Blackfish | Review

At least the whale knew what he was doing.

At least the whale knew what he was doing.

By Ed Wall

Is Blackfish a film with a message but no meaning, or a film with a meaning but no message?

Although it’s not immediately obvious which of these dubious honours it might have garnered, the result is certainly not particularly impressive. Bursting with information, it singularly fails to cohere – a weak sum of potentially strong, individually compelling parts. You suspect that, had there been anyone on board with the same amount of passion for the subject as the makers of, say, 2009’s The Cove [Louie Psihoyos’ angry interrogation of Japan’s dolphin hunting culture], the result might have been a very different kettle of whale.

The purported subject of this mixed bag is Tilikum, resident of SeaWorld in Orlando Florida, the largest Orca in captivity and to this date responsible (depending on one’s definition of responsibility) for the deaths of at least three people. Through a combination of historical footage, interviews and data, director Gabriela Cowperthwaite attempts to profile Tilikum both as individual and in the wider context of ‘the industry’ of whale-based amusement parts, from shady, frontier-like beginnings in the 1970s to the current SeaWorld-dominated landscape.

As a spin on the typical documentary format, Tilikum’s story is covertly presented as a kind of murder mystery/court case. It’s an unnecessary piece of directorial artifice, and the noose by which the film hangs itself. Cowperthwaite is a weak prosecutor, unable (or unwilling) to take a position beyond some bland notion of ‘objectivity’. In this context, the form is pointless; a purely superficial touch.

Cowperthwaite is a veteran of a particular breed of televisual documentaries, having worked for some of the big names (National Geographic, Animal Planet, ESPN, The Discovery Channel) in the past. There’s something in her style that’s vaguely, uneasily, reminiscent of the parades of cable TV documentaries you might flick through at hotel stopovers. There’s an indistinct impression of disinterest in the way she approaches the subject matter; some mercenary element that’s more focused on presentation and graphics than content. This commitment to superficiality imbues some weak information with too much significance, and sucks the life out of the stronger material.

While the film is happy to (rightly) suggest SeaWorld is to blame for a lack of compassion and common sense in relation to the treatment of its water-bound behemoths, the question of motivations is never explored. In an identikit series of inane interviews with wide-eyed former trainers, Cowperwaithe steadfastly refuses to pin any of them down on where exactly they think they might fit into the tragic picture as a whole.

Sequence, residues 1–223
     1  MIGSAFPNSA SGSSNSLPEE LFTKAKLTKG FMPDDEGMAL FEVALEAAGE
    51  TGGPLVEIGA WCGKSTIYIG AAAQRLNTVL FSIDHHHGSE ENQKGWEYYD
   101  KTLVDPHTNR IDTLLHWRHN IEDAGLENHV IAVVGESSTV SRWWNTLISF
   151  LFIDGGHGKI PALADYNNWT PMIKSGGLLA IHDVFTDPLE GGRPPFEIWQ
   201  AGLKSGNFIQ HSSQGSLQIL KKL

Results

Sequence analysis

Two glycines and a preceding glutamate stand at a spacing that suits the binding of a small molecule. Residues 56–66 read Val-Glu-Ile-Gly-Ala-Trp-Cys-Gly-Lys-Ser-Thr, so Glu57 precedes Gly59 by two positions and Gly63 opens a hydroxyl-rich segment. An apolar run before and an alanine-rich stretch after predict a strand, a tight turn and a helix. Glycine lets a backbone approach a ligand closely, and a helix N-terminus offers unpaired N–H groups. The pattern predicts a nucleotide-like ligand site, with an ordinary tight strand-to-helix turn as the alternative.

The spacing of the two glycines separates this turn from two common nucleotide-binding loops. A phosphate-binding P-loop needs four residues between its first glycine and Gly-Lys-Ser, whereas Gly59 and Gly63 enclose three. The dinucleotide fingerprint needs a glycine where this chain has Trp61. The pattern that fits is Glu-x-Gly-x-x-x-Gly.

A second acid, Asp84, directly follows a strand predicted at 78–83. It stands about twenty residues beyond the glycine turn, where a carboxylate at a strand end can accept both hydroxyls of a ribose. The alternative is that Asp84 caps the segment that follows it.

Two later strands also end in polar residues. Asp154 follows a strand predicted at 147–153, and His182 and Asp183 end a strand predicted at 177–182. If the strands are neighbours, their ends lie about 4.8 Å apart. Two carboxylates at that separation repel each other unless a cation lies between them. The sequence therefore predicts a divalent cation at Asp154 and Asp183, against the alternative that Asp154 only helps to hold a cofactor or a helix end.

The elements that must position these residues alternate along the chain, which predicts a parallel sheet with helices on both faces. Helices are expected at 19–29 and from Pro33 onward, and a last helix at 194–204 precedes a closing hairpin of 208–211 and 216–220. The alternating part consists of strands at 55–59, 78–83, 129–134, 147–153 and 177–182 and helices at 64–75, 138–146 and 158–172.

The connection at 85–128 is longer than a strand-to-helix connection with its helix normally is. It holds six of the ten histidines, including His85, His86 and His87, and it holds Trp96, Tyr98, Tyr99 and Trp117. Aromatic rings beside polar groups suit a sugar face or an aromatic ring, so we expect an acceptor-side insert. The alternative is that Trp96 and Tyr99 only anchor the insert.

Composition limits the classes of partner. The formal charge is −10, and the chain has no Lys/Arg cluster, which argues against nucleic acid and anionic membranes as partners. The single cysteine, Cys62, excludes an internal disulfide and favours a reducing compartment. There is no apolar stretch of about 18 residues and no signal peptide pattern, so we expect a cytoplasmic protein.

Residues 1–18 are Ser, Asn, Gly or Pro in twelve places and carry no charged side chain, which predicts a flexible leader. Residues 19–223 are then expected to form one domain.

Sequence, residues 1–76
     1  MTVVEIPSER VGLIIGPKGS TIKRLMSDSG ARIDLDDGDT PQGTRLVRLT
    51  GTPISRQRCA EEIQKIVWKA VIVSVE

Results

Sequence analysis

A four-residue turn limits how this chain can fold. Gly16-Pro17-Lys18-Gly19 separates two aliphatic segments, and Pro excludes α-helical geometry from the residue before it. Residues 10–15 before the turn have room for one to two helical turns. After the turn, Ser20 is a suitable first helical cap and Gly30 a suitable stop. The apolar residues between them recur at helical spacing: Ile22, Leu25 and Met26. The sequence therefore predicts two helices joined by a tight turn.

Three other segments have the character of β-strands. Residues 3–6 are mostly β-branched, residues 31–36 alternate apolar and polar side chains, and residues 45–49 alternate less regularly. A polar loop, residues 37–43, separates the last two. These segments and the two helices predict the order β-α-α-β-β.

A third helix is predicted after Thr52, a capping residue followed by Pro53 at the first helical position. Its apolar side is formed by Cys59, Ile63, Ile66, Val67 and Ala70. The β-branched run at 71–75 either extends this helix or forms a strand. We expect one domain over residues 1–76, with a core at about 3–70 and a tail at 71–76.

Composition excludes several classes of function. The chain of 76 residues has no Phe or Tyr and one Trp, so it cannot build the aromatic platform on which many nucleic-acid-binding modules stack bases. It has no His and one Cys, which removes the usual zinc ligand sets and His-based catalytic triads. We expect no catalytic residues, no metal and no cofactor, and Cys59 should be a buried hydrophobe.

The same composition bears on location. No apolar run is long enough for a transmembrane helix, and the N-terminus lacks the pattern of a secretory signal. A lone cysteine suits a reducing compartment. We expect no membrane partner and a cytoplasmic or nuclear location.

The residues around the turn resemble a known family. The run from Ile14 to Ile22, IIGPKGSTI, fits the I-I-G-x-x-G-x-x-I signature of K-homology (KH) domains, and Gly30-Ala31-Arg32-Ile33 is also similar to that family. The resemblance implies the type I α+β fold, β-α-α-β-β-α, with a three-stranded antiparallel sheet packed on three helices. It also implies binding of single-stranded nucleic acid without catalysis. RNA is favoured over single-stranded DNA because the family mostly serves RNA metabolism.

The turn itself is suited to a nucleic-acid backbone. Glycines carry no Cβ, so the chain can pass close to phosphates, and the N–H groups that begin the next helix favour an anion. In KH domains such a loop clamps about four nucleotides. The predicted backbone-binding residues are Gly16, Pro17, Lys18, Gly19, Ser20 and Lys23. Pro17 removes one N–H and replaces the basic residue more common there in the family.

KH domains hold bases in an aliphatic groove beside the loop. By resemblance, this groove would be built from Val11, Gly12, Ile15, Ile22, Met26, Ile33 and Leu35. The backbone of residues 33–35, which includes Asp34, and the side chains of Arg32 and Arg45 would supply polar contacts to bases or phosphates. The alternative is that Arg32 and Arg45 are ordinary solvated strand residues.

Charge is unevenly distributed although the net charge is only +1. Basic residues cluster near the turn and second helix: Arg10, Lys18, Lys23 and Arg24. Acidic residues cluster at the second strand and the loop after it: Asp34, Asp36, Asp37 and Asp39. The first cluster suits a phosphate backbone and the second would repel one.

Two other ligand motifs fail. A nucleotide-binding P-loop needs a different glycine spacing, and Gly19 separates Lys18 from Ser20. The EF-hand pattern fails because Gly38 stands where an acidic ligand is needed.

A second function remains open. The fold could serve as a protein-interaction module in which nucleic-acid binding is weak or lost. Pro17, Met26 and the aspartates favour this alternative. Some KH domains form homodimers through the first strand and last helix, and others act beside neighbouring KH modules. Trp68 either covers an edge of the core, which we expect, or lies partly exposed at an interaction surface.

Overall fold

Bar one square-headed nutter who, employing a logic that’s so perverse it’s almost laudable, tries to claim that whales performing like trained dogs for crowds of baying humans constitutes man honouring nature, one after another of these former SeaWorld devotees spit near-identical repentant/outraged tidbits. As though the goons in a fallen dictatorship had been given the platform on which to absolve themselves, Cowperwaithe presents this parade of disembodied characters spilling words and tears, tears and words – as though there was no inherent value in making sure any of it was honest.

Of all the individuals interviewed, the one who emerges from the film with the most credit is the rather brilliantly named Dave Duffus, an expert witness for OSHA (Occupational Safety and Health Administration) in the case brought by the US government against SeaWorld’s working conditions after the last of Tilikum’s ‘accidents’. Duffus’ clear respect for Orca whales and his palpable anger at the whole sorry business transcends Cowperthwaithe’s lame ‘neutrality’. Oddly, it also means that, amid the confusion, he stands out in the film to a degree that makes him feel more central than Tilikum.

As a piece of documentary filmmaking I’m pretty sure it is, if not a total failure, then at least a weak specimen of the genre. On the other hand, the agenda it has little or no interest in using its scattergun stack of information to fully support is one that a lot of the people who will end up seeing it already subscribe to: that keeping animals in a state of captivity is inhumane. As one of these viewers it’s a challenge to know how to react. Your instinct is to agree, but something makes you hesitate. It’s like watching Bono preaching about the plight of children in Africa, but with the nagging suspicion he bought an extra first class seat on the plane for his hat.

It’s confusing, painful to watch, when someone with no clear view of which field they’d rather be in positively hurls themselves onto the fence in the apparent name of objectivity, writhing around for an hour and a half before ascending to that beige heaven reserved solely for those who were pure enough to desire purgatory. SeaWorld representatives, naturally, declined to be interviewed for the film. Given the all-forgiving tolerance of the interviews here, they might now be feeling that they missed a trick.

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